MOGADISHU, Somalia - Ethiopian jets bombed Somalia's two main airports Monday
while ground troops captured three villages and a strategic border town, lending
Somalia's internationally backed government crucial military aid in its struggle
against a powerful Islamic militia.
Russian-made jets swept low over the
capital at midmorning, dropping two bombs on Mogadishu International Airport,
part of a major escalation in the week-old fighting. The leader of the Islamic
militia, Sheik Hassan Dahir Aweys, flew into the airport shortly after the
attack; it was not clear if he was an intended target.
An Islamic Courts soldier patrols Mogadishu airport after the
Ethiopian air force hit Mogadishu airport, Monday, Dec. 25, 2006.
Air strikes also hit Baledogle Airport, about 35 miles outside Mogadishu.
"We heard the sound of the jets and then they pounded," said Abdi Mudey, a
soldier with Somalia's Council of Islamic Courts, which has seized the capital
and much of southern Somalia since June.
Somalia has not had an effective government since warlords overthrew longtime
dictator Mohamed Siad Barre in 1991, throwing the country into anarchy. Two
years ago, the United Nations helped set up a central government for the arid,
impoverished nation on the Horn of Africa.
But the government has not been able to extend its influence outside the city
of Baidoa, where it is headquartered about 140 miles northeast of Mogadishu. The
rest of the country was largely under the control of warlords until this past
summer, when the Islamic militia movement pushed them aside.
Experts fear the conflict in Somalia could engulf the region. A recent UN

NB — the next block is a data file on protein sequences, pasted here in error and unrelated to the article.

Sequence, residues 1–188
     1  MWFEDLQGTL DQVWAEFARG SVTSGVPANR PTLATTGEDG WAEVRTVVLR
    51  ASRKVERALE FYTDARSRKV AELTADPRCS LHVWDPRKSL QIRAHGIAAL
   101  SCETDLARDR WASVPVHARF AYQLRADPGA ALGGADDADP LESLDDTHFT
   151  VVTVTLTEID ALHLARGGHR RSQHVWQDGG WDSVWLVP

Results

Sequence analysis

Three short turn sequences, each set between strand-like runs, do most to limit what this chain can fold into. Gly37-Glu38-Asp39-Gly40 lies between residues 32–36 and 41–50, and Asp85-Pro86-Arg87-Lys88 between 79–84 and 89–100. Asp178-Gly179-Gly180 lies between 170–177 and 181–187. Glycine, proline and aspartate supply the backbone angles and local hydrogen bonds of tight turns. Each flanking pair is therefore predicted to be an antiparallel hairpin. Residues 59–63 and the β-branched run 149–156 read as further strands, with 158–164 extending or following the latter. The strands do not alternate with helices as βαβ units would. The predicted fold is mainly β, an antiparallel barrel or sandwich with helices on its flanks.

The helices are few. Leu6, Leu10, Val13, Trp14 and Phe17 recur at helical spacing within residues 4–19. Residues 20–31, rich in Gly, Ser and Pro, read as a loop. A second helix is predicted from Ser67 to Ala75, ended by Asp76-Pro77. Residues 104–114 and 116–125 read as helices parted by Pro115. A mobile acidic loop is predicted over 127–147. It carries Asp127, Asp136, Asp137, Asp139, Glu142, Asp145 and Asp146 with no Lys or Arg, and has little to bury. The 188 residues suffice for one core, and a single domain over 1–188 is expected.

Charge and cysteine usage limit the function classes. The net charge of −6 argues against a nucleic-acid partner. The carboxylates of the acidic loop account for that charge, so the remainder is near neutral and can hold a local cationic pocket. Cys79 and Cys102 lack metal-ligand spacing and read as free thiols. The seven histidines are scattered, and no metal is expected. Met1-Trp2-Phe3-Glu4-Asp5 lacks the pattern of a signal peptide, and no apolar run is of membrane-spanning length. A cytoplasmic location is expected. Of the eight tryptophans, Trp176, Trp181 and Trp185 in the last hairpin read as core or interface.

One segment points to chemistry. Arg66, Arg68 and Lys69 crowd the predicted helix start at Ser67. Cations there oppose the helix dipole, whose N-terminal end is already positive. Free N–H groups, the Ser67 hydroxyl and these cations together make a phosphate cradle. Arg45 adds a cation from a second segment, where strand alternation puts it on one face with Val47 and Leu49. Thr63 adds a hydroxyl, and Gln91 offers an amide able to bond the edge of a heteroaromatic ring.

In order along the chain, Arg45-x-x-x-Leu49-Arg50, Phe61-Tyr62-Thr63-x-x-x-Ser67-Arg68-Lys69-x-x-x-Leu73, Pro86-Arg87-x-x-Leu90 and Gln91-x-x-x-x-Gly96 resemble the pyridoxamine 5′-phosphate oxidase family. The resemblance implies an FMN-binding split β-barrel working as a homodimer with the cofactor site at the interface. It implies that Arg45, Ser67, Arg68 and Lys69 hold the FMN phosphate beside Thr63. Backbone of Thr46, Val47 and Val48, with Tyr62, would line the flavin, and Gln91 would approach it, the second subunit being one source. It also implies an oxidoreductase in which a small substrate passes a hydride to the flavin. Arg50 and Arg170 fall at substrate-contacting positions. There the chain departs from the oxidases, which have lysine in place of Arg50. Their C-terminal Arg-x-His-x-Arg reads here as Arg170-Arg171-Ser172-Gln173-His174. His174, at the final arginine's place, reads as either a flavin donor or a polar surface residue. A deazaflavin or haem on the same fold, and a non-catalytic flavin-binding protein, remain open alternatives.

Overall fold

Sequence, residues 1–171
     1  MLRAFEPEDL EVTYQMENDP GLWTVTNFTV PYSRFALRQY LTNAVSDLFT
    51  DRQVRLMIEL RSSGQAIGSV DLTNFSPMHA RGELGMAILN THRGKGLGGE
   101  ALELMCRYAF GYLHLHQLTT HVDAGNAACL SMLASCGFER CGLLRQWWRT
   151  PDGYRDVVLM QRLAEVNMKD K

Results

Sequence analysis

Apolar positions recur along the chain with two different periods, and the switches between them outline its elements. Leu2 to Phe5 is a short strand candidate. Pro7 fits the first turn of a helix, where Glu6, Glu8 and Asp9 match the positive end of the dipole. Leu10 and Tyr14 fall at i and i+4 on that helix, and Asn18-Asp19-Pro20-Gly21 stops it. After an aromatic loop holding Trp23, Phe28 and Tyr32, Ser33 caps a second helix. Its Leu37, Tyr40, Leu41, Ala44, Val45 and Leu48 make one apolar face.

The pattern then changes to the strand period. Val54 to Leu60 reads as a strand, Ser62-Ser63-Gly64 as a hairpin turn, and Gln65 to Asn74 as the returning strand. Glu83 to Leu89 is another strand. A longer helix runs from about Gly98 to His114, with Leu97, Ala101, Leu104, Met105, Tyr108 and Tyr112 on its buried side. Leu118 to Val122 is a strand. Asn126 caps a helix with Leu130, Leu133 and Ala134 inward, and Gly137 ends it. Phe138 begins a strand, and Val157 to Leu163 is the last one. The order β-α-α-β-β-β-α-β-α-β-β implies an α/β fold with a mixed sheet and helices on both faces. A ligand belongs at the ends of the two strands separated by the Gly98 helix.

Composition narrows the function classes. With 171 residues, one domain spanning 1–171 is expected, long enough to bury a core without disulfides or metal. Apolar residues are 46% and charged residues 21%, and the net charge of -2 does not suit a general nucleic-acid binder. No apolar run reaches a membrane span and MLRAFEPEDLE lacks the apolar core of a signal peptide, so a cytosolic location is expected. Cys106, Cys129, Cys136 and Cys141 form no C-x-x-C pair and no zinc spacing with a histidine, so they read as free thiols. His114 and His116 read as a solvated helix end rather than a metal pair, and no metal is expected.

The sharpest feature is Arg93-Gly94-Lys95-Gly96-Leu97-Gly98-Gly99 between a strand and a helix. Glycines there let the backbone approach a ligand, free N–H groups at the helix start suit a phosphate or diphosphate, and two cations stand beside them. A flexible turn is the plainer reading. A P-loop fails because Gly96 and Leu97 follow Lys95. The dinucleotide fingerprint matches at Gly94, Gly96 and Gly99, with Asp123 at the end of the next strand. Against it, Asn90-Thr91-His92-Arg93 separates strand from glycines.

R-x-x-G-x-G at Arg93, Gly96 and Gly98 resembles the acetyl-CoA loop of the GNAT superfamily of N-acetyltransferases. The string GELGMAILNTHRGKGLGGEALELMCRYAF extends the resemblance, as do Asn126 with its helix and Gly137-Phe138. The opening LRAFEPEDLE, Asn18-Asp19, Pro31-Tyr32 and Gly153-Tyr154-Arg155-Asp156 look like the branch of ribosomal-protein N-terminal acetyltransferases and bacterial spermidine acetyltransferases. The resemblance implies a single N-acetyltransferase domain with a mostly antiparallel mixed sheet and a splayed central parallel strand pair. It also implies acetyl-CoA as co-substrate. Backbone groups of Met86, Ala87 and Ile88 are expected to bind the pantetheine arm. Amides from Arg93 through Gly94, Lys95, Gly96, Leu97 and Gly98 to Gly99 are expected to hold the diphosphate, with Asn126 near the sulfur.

report said 10 countries have been supplying arms and equipment to both sides of
the conflict, using Somalia as a proxy battlefield. Some analysts also fear that
the courts movement hopes to make Somalia a third front, after Afghanistan and
Iraq, in militant Islam's war against the West.
The Islamic group's often severe interpretation of Islam is reminiscent, to
some, of Afghanistan's Taliban regime - ousted by a US-led campaign in 2001
for harboring Osama bin Laden. The US government says four al-Qaida leaders,
believed to be behind the 1998 bombing of the US Embassies in Kenya and
Tanzania, are now leaders in the Islamic militia.
Militia forces have surrounded Somali government forces in Baidoa, but
Ethiopian-backed government troops appeared to take the initiative on Monday.
Pro-government forces drove Islamic fighters out of the key border town of
Belet Weyne, then headed south in pursuit of fleeing militiamen, a Somali
officer said. Government troops were enforcing a curfew of 3 p.m. to 6 a.m.
"Anyone who has a gun but is not wearing a government uniform will be
targeted as a terrorist," said Aden Garase, a government soldier who was put in
charge of Belet Weyne.
On Ethiopian television Monday night, the defense ministry said troops would
move toward the city of Jowhar, about 55 miles from Mogadishu. Later, Ethiopia
made a push in that direction, capturing the villages of Bandiradley, Adadow and
Galinsor, according Yusuf Ahmed Ali, a businessman in Adadow.
No reliable casualty reports were immediately available; an Associated Press
reporter who arrived shortly after the airstrike in Mogadishu saw a wounded
woman being taken away.